The Full Wiki

Susan Kare: Wikis

Advertisements
  
  

Note: Many of our articles have direct quotes from sources you can cite, within the Wikipedia article! This article doesn't yet, but we're working on it! See more info or our list of citable articles.

Encyclopedia

From Wikipedia, the free encyclopedia

Susan Kare (born 1954) is an artist and graphic designer who created many of the interface elements for the Apple Macintosh in the 1980s. She was also one of the original employees of NeXT (the company formed by Steve Jobs after leaving Apple in 1985), working as the Creative Director.[1]

Contents

Background

Kare was born in Ithaca, New York and is the sister of rocket scientist and filker Jordin Kare.[2][3] She graduated from Harriton High School in 1971, received her B.A., summa cum laude, in Art from Mount Holyoke College in 1975 and her Ph.D. from New York University in 1978. She next moved to San Francisco and worked for the Museum of Modern Art.[4][2]

Apple Computer Inc.

Kare joined Apple Computer, Inc. after receiving a call from her high school friend, Andy Hertzfeld, in the early 1980s.[1][2][4][5] Susan Kare worked at Apple Computer starting in 1982 (Badge #3978). She was originally hired into the Macintosh software group to design user interface graphics and fonts; her business cards read "Macintosh Artist." Later, she was a Creative Director in Apple Creative Services working for the Director of that organization, Tom Suiter.

She is the designer of many typefaces, icons, and original marketing material for the original Macintosh operating system. Indeed, descendants of her groundbreaking work can still be seen in many computer graphics tools and accessories, especially icons such as the Lasso, the Grabber, and the Paint Bucket. An early pioneer of pixel art, her most recognizable works from her time with Apple are the Chicago typeface (the most prominent user interface typeface seen in Classic Mac OS, as well as the typeface used in the first four generations of the Apple iPod interface), the Geneva typeface, the Monaco typeface (co-creator), Clarus the Dogcow, the Happy Mac (the smiling computer that welcomed Mac users when starting their machines for 18 years, until Mac OS X 10.2 replaced it with a gray Apple logo), and the symbol on the Command key on Apple keyboards.[2][4]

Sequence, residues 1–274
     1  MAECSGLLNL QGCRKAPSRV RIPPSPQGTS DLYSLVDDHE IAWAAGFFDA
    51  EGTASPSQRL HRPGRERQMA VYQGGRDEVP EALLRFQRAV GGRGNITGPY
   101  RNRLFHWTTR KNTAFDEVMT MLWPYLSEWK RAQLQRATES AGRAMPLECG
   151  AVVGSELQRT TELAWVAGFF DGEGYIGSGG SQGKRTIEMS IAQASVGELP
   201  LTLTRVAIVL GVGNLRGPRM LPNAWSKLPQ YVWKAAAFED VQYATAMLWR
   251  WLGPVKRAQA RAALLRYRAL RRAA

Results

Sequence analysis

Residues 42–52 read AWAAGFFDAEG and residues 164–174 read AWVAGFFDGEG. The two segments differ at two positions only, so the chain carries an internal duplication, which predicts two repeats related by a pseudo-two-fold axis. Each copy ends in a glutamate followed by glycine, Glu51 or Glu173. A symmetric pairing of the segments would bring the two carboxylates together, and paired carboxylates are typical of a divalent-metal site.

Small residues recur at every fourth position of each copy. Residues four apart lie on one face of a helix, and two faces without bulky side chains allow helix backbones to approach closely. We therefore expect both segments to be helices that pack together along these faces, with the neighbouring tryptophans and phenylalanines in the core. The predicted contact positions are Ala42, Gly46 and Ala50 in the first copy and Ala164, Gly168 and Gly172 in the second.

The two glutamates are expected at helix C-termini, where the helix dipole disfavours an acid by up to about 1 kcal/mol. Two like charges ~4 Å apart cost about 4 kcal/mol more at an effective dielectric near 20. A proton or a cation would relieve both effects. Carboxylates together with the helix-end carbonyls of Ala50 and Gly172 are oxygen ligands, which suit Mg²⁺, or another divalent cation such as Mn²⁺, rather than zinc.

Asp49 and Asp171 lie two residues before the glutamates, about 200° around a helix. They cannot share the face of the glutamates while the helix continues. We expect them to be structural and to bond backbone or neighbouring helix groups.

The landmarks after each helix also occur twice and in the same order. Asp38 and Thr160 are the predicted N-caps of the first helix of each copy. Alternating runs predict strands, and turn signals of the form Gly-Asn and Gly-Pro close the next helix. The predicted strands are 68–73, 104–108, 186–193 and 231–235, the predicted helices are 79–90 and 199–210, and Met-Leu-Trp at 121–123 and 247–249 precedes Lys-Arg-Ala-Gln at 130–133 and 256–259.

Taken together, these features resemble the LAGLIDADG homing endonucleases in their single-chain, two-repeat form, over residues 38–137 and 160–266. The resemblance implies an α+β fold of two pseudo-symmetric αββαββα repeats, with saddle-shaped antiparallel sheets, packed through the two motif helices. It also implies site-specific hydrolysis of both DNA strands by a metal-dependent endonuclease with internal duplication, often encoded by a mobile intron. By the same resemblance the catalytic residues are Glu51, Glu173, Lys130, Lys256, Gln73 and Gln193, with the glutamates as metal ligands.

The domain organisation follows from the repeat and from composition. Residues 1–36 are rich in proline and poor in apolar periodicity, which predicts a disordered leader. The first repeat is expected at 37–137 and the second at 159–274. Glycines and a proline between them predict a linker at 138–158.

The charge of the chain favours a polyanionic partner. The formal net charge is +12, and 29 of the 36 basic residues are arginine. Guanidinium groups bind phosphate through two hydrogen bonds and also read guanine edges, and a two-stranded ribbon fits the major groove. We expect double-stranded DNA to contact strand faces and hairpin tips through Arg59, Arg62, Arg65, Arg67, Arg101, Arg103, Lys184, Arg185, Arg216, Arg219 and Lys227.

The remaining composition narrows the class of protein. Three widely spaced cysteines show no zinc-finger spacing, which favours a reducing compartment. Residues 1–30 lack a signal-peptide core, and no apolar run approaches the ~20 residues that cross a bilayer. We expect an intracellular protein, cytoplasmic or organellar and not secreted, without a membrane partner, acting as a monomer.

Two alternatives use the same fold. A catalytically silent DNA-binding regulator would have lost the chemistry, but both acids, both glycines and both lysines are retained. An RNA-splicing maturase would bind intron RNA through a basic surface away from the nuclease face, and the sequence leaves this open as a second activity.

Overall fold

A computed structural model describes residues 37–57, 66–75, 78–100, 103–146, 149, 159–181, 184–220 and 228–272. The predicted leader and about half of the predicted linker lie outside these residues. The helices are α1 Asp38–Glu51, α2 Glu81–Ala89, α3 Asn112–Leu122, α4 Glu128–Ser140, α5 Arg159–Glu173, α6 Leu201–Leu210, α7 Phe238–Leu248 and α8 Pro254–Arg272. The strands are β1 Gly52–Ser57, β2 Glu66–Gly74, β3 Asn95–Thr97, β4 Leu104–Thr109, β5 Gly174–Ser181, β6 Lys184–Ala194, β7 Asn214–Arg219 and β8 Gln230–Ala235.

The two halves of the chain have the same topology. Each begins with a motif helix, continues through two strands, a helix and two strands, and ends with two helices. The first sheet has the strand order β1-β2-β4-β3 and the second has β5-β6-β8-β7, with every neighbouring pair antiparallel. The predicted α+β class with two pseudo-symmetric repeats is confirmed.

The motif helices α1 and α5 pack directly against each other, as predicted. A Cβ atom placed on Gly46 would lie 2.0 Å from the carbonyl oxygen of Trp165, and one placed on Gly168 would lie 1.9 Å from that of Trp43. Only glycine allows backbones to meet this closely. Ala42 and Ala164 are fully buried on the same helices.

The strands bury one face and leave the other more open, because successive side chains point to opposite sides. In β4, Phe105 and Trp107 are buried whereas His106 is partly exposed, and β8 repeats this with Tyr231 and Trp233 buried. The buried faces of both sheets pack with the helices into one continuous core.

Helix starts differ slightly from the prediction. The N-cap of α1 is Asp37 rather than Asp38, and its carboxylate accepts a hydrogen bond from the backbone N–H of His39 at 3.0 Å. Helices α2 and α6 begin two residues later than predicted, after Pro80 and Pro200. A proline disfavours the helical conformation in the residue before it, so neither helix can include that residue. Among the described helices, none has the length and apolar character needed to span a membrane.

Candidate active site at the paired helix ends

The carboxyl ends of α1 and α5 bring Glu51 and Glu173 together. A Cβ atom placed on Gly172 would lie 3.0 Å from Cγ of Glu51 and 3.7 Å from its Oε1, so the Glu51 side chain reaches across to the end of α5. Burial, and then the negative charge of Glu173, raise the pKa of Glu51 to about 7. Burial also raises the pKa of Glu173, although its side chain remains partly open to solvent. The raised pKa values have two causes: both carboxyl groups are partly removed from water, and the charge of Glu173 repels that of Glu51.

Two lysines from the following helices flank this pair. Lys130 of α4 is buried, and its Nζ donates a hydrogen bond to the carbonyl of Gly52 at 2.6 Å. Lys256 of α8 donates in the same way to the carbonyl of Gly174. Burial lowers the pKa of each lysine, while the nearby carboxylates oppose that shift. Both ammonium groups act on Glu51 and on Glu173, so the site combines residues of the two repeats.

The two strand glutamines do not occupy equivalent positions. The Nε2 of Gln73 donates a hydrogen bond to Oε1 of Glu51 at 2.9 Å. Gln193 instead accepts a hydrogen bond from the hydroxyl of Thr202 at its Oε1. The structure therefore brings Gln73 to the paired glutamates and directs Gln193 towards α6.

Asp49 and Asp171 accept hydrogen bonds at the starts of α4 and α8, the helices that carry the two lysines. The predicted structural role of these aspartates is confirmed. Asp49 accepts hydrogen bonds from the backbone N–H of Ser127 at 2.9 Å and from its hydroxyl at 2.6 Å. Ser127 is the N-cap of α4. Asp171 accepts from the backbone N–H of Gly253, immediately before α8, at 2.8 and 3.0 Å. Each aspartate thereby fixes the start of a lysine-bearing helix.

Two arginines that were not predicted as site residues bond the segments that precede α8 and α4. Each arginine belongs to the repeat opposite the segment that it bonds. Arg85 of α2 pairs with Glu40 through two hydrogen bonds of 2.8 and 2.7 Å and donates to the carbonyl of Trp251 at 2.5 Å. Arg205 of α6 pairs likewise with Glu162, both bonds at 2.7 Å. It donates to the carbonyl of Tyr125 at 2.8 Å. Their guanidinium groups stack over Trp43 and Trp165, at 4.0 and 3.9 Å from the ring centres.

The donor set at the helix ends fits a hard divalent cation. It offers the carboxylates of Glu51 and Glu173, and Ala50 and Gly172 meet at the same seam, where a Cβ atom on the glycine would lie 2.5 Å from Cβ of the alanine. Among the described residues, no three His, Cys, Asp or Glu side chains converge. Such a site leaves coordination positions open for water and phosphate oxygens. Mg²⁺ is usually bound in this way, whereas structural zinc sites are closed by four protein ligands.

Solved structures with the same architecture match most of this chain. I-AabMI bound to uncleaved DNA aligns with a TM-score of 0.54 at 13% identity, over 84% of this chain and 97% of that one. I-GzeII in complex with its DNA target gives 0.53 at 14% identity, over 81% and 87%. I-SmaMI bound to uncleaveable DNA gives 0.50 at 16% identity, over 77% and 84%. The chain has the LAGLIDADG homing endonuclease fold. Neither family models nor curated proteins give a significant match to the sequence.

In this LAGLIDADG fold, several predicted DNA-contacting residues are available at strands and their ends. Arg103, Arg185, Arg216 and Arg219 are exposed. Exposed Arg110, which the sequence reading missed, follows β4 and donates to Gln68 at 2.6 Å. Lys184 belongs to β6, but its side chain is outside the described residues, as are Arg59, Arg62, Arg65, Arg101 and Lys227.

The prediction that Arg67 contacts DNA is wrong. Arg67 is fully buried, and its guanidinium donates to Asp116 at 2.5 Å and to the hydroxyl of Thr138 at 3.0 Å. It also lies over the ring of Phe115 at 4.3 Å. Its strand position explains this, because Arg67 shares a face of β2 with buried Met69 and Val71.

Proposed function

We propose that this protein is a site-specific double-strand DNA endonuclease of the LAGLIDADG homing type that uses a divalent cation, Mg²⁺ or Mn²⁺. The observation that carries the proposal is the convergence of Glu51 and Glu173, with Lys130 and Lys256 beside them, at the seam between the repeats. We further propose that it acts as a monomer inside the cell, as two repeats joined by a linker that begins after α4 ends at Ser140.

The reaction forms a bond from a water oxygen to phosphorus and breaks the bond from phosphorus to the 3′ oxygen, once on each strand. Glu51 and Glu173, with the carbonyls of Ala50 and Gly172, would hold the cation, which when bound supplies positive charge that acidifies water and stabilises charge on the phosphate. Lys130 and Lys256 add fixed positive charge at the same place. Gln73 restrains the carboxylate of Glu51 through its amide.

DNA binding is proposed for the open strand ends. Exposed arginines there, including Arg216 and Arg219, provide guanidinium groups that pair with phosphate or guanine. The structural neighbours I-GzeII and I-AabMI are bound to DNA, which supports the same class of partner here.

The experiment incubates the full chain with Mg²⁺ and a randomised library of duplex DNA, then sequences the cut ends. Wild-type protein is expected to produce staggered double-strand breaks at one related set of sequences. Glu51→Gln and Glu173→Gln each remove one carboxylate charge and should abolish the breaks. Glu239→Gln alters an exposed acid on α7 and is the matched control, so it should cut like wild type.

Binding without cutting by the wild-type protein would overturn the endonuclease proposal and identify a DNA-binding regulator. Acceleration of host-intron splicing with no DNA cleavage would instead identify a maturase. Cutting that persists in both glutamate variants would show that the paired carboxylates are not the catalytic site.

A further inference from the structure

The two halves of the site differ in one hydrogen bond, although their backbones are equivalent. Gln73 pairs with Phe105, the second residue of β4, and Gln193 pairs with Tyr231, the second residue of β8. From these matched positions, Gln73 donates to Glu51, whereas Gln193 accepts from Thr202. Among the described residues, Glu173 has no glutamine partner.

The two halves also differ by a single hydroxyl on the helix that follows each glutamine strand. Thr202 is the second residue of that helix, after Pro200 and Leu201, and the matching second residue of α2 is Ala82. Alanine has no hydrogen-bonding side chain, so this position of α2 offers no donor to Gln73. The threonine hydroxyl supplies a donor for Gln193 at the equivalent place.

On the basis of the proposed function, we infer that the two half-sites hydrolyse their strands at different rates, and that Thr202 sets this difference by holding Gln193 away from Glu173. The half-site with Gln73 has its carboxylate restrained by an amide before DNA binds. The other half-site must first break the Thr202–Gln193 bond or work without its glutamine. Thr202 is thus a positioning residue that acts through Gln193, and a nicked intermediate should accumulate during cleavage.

After Apple

After leaving Apple, Kare joined NeXT as the Creative Director. She later became a successful independent graphic designer working with clients such as Microsoft and IBM.[4][6] Her projects for Microsoft included the card deck for Windows 3.0's solitaire game,[6][7] as well as numerous icons and design elements for Windows 3.0.[1][2] Many of her icons, such as those for Notepad and various Control Panels, remained essentially unchanged by Microsoft until Windows XP. For IBM she produced icons and design elements for OS/2;[7][8] for Eazel she contributed iconography to the Nautilus file manager.[9]

The Museum of Modern Art store in New York City has begun carrying stationery and notebooks featuring her designs. Beginning February 7, 2007 she has produced icons for the "Gifts" feature of the popular social-networking website, Facebook.[10] Initially, profits from gift sales were donated to the Susan G. Komen for the Cure foundation, for the fight against breast cancer. After Valentine's Day, the gift selection was modified to include new and limited edition gifts that did not necessarily pertain to Valentine's Day.[11]

Kare is currently employed by Chumby Industries, working to create the Chumby device.[12]

References

  1. ^ a b c Ron Wolf. "The mother of the Mac trash can". San Jose Mercury News. http://www.kare.com/articles/sjmerc.html. Retrieved 2007-08-15. 
  2. ^ a b c d e Alex Soojung-Kim Pang (2001-02-19). "Interview with Susan Kare". Making the Macintosh. Stanford University. http://library.stanford.edu/mac/primary/interviews/kare/index.html. Retrieved 2007-08-13. 
  3. ^ "The Monell Connection, Winter 2003" (PDF). Monell Chemical Senses Center. 2003. pp. 9. http://www.monell.org/Newsletters/Monell_Fall03.pdf. Retrieved 2007-08-13. 
  4. ^ a b c d Janet Tobin (2001). "Designer Susan Kare '75 Gives Pixels Personality". MHC Vista, Summer 2001, volume 6, number 1. Mount Holyoke College. http://www.mtholyoke.edu/offices/comm/vista/0106/kare.shtml. Retrieved 2007-08-15. 
  5. ^ Hamish Mackintosh (2003-06-12). "Technology: Talk Time". Guardian Unlimited. Guardian News and Media Limited. http://technology.guardian.co.uk/print/0,,4688619-110837,00.html. Retrieved 2007-08-15. 
  6. ^ a b http://www.kare.com Susan Kare's Personal site
  7. ^ a b Laurence Zuckerman (1996-08-26). "The Designer Who Made the Mac Smile". The New York Times. The New York Times Company. http://www.kare.com/articles/nytimes.html. Retrieved 2007-08-15. 
  8. ^ Craig Bromberg (1997). "I.D. Forty/Susan Kare". I.D. Magazine, Jan/Feb 1997. http://www.kare.com/articles/Images/ID_Magazine.jpg. Retrieved 2007-08-15. 
  9. ^ Nautilus File Manager
  10. ^ Posts tagged 'Susan Kare' - Webware: Cool Web 2.0 apps for everyone
  11. ^ Jared Morgenstern (2007-02-07). "Give gifts on Facebook!". http://blog.facebook.com/blog.php?post=2234372130. Retrieved 2007-08-15. 
  12. ^ Chumby Industries (2007). "Chumby Corporate Team". http://www.chumby.com/corporate/team. Retrieved 2007-09-10. 

External links

Advertisements

Advertisements






Got something to say? Make a comment.
Your name
Your email address
Message